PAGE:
OLIVIER ZAHM — So, Adrian, for Comme des Garçons you created Dover Street Market, but before that, there were the Comme des Garçons guerilla stores.
ADRIAN JOFFE — That’s right. In February 2004, we opened the first one in Berlin. And in September 2004, we opened the first Dover Street in London. On Dover Street itself, hence the name. Then [in 2016] we moved to the old Burberry shop in Haymarket.
OLIVIER ZAHM — Dover Street Market totally disrupted the way we buy fashion. It’s a real experience. There’s a cultural and an architectural dimension. How did you come up with that concept?
ADRIAN JOFFE — No, I don’t like that word. What does “concept” mean? Rei Kawakubo and I wanted a place where you could find things that you couldn’t find anywhere else. We also wanted designers to do special things for us. We wanted the designers and brands to redesign their space inside every six months. It’s important for the shop to stay alive and to change all the time.
OLIVIER ZAHM — So, what was the idea at the beginning?
ADRIAN JOFFE — Rei and I wanted to have a place where we could have our collections for Comme des Garçons, but we thought it was more interesting to share our space with other designers. It’s about community and sharing. We always believed in synergy and that, if we put creative people together, somehow the energy, the vibration between the people, make it bigger than the sum of the parts.
OLIVIER ZAHM — Did you curate for DSM alone or with a team?
ADRIAN JOFFE — In the beginning, we did it together. But when we did the second, third, fourth, fifth, and sixth, she was leaving it more and more to me.
OLIVIER ZAHM — It’s a very different approach to fashion. Where did you get this sensibility for a certain underground, this permanent search for something new?
ADRIAN JOFFE — Where did you get your brown eyes?
OLIVIER ZAHM — [Laughs] It’s in your genes.
ADRIAN JOFFE — I think it’s in the genes. Rei made Comme des Garçons in order to create something new. She said, “It’s not worth creating something that exists already.” That was always her. For us, it was important to break the rules, to ignore the establishment, to ignore the normal modes of retail.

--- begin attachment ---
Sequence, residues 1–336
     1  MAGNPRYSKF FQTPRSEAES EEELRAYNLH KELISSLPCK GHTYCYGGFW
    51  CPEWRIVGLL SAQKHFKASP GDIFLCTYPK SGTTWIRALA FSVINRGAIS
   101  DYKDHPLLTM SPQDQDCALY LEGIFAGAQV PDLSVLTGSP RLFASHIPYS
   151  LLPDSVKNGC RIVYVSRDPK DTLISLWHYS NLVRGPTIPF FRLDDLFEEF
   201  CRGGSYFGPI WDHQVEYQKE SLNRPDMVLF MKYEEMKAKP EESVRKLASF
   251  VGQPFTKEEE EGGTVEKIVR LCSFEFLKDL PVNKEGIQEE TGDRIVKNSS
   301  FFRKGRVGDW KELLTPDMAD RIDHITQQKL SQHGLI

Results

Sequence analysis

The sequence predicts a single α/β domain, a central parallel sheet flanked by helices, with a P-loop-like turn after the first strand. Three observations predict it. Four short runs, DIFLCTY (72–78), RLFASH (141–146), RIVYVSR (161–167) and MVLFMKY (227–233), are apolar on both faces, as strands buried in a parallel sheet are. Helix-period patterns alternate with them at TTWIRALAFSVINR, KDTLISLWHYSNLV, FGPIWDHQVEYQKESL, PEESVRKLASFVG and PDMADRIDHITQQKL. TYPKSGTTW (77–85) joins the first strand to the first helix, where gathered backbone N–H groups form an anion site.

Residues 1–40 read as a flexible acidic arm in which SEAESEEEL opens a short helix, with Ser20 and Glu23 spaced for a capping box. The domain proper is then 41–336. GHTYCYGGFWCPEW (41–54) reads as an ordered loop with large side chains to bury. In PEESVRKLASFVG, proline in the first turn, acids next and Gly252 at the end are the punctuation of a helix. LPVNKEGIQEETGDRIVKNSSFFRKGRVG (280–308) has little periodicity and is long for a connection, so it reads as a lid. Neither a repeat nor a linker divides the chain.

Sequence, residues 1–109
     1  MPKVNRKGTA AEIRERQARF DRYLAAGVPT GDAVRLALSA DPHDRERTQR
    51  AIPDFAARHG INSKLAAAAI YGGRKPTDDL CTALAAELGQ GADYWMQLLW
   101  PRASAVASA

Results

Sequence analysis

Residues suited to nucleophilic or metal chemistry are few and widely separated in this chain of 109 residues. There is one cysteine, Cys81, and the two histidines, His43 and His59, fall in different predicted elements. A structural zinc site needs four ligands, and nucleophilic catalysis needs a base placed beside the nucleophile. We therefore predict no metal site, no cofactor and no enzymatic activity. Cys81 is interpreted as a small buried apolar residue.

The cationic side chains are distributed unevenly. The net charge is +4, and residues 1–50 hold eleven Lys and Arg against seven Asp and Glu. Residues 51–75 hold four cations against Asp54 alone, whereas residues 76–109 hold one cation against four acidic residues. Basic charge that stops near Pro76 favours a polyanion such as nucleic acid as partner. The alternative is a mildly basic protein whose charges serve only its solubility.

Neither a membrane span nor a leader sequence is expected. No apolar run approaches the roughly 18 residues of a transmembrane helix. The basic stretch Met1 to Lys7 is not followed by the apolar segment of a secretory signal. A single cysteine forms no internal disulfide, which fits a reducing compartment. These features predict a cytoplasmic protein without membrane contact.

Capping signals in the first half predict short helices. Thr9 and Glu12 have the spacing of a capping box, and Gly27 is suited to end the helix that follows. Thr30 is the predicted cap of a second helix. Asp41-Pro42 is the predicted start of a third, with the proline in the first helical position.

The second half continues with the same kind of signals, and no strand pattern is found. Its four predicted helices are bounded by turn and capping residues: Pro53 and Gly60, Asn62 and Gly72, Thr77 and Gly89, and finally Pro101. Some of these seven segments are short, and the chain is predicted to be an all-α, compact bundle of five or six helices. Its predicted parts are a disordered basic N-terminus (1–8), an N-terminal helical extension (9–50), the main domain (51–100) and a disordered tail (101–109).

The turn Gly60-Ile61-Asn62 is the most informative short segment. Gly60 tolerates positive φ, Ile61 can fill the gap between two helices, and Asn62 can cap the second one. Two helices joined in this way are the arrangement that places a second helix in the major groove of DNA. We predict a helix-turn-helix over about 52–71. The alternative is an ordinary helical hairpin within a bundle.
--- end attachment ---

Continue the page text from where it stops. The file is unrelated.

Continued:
OLIVIER ZAHM — And it’s something that can’t be copied because it’s based on your selection and your credibility in the fashion world.
ADRIAN JOFFE — People try, and people will sometimes make other versions, but I’ve never seen a good one. I see a lot of influence, even in department stores, They know that now, especially with the rise of Internet shopping, you have to encourage people to come out.
OLIVIER ZAHM — And create a community.
ADRIAN JOFFE — Yes. Also because you can’t get the energy, the synergy, the vibration, and the stimulation online. We always believed in brick and mortar.
OLIVIER ZAHM — And now, you’re pushing the whole story with 3537, a new concept which will include Dover Street Paris.
ADRIAN JOFFE — Yes, it started by renting a massive townhouse at 35-37 rue des Francs-Bourgeois, right before Covid hit Paris. So the place was empty and open to experiment with, before DVSM Paris could open there. But the experimentation became something unexpected.
OLIVIER ZAHM — More politically engaged, maybe?
ADRIAN JOFFE — Yes. More activist, more political, not just fashion. Culture is one part, but culture in the very broad sense. For me, it’s a community center. We had this idea, and then I found some young people to work with, and slowly, slowly it was starting. Then some other people joined, and we started doing all these things because the building was here, and it was empty. The more it evolved, the more excited we got, and the more things we did. Yoga classes, hip-hop concerts, climate-change conferences, workshops for children, and even raves. We would curate our own exhibitions.
OLIVIER ZAHM — So, it’s educational, political, and artistic.
ADRIAN JOFFE — Yes. More artistic in the very broad sense of the word. There’s an experimental music festival coming up. We’re doing an exhibition in October with seven or eight artists.